It rained last night, so this morning we ran through our drying out procedures. I snuck off early to see the ocean and do my normal thing. Because of daylight savings, the days ride, and lack of things to do after dinner, we tend to roll into our tents around 6 or 7. Something about going to bed before 9 makes automatically waking up at 5 a curse and a blessing.
The curse is that the sun isn’t up to dry your stuff. The blessing is having time to write, plan, and catch the sunrise.
8:30 rolls around and we weren’t quite ready to go. A few of our neighbors at the camp ground found us during there morning dog walks and we are reluctant to turn away strangers with the same batch of 20 or so questions as everyone else. Where from/to/food/tents/camps/hosts and a wrap up of the usual “yall are crazy” or “id do that in a car” joke. It is fun to be admirably crazy at times and first thing in the morning helps remind me of what it is that we are doing.
So today we had a host just a few miles from Surf City, NC. With just under 60 miles till our destination and some route tips from our previous host, we were off.
24 and 17 were the roads for the day. Highways. Not the most fun and not the cleanest, but we did see other cyclist on our way towards Jacksonville, NC. The major tip of the day was contrary to what Google wants you to think, to intentionally head away from the coast because you are no longer allowed to ride through Camp Lejeune. A marine training base for those unfamiliar. Even south on 17 there are warning signs to signal military training activity to not concern the through traffic. Besides having a good laugh at the kids playground equipment just inside the gate and the “student driver” signs on the fully armored hummers rolling by… I am pretty sure I spotted a guy in full Gili suit and natural camo in one of the training fields. If not for the highway I would have called him out for getting caught by cyclist. Reposition a bit better, bud. Might have been a judge/instructor.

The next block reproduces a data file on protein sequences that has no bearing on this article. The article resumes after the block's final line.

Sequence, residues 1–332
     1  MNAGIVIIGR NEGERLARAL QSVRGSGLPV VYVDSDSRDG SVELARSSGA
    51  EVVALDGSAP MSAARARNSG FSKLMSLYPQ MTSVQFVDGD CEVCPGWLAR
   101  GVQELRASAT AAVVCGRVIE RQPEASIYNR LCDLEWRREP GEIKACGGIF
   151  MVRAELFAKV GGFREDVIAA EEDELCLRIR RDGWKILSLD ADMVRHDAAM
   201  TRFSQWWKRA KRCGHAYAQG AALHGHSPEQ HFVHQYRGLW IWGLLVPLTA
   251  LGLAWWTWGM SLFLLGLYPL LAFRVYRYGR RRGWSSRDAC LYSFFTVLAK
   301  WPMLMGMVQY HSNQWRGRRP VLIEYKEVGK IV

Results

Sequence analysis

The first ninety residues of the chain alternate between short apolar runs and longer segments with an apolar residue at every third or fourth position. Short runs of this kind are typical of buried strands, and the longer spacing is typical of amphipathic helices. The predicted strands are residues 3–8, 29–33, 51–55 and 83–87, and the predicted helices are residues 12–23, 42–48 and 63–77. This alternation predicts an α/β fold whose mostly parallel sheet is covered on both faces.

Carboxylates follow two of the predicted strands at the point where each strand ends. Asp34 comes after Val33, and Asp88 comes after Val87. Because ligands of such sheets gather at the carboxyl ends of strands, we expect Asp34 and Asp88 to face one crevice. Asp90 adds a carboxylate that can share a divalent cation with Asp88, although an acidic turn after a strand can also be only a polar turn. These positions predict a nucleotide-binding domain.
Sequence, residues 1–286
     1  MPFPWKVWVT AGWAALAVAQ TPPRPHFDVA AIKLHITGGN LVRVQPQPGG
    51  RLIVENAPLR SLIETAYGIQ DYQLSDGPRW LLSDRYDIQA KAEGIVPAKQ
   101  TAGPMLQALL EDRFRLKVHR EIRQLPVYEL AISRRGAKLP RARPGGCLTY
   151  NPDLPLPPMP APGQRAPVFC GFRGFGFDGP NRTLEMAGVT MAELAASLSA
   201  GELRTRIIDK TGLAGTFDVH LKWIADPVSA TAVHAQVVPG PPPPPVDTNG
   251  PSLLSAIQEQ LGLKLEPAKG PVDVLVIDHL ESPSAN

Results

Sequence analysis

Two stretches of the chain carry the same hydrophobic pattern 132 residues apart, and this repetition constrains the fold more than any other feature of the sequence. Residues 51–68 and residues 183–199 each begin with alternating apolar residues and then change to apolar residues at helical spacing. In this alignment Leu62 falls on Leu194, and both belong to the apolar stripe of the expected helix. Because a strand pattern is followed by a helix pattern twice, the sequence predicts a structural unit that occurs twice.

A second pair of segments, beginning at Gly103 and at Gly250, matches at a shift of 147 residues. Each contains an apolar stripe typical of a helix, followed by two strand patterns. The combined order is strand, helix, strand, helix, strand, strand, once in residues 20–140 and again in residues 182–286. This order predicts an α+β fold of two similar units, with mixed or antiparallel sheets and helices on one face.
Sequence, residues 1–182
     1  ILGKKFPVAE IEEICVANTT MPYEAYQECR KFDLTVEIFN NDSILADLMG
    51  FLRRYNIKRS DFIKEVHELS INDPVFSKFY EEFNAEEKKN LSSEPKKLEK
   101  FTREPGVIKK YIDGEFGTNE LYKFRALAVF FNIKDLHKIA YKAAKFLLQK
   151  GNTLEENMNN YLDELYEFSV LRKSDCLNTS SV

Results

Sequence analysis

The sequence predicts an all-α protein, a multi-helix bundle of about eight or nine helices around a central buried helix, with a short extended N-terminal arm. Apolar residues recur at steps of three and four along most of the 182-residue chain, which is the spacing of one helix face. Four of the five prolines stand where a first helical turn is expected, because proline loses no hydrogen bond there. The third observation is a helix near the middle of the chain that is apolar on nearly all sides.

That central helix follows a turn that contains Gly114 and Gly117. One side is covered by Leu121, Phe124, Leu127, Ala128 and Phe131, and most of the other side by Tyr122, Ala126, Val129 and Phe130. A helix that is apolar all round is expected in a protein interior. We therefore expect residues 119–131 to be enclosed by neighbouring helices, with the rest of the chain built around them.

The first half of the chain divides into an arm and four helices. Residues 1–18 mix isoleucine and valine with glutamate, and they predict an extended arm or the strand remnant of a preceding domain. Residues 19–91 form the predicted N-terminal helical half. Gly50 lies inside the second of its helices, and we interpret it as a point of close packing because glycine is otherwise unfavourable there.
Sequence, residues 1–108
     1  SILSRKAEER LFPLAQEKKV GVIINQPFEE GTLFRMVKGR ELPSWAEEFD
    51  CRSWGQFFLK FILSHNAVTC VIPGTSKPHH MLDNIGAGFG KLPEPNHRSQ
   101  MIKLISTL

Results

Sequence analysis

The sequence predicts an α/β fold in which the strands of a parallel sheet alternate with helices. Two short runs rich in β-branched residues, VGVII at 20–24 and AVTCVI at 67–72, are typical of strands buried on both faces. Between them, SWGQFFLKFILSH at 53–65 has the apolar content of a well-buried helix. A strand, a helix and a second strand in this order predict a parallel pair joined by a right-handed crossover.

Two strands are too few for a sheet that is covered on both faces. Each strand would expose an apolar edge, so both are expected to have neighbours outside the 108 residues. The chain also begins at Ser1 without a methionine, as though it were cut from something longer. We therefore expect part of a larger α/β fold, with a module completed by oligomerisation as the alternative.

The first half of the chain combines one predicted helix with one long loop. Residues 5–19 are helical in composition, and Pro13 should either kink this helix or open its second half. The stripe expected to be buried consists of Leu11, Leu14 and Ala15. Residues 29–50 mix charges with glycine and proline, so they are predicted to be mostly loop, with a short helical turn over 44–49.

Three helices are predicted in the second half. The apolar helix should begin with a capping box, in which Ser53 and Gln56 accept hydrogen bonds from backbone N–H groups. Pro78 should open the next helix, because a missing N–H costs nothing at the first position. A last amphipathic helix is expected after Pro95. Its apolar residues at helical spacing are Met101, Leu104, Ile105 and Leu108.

We have seen a lot of roadkill and this may have been the day before last, but at some point we saw a whole fish on the side of the road. A crayfish in a flood is one thing. This guy was pretty far from water and looked like just another natural piece of roadkill.
Well, back on track we stopped just before our McDonald’s lunch at a bike shop in search of tubes. Great folks. I didn’t learn this until later, but the Cane bicycles i didn’t recognize was a brand of bikes made by the owner. Everyone there was helpful and recommended anti puncture strips that I could transfer from tire to tire instead of using the heavy goo filled inner tubes. Wishing us luck we and tossing us some free Gatorade, off we went for lunch.
Normally I don’t focus on lunch, but at this stop I found out two things. Spokes are great for holding fries and I’m not allergic to fire ants. Fortunately we were done eating when I found out that second part.
A ride past the outer end of camp Lejeune later, we stopped at a dollar tree and realized how important actual dollar store are going to be on this ride. Chugging large bottles of chocolate milk, we take off down a bumpy road (in the process of being resurfaced) towards our hosts house. Closing in on a gated community, I brace to get heckled by the “guard” in the booth. Nope, no problems. All the way at the end of the lane we arrive to an open garage, are nearly handed two beers, and are told to wash up. Dinner will be in a bit.
Showers, beds, beer, burgers, pumpkin pie, and clean chains. I’ll gladly ride 60+ miles on a windy highway if if this is waiting for us any day. Sorry to admit that we are not always roughing it.
To top it all off, I’m going to go have coffee and waffles. Have a great day everyone.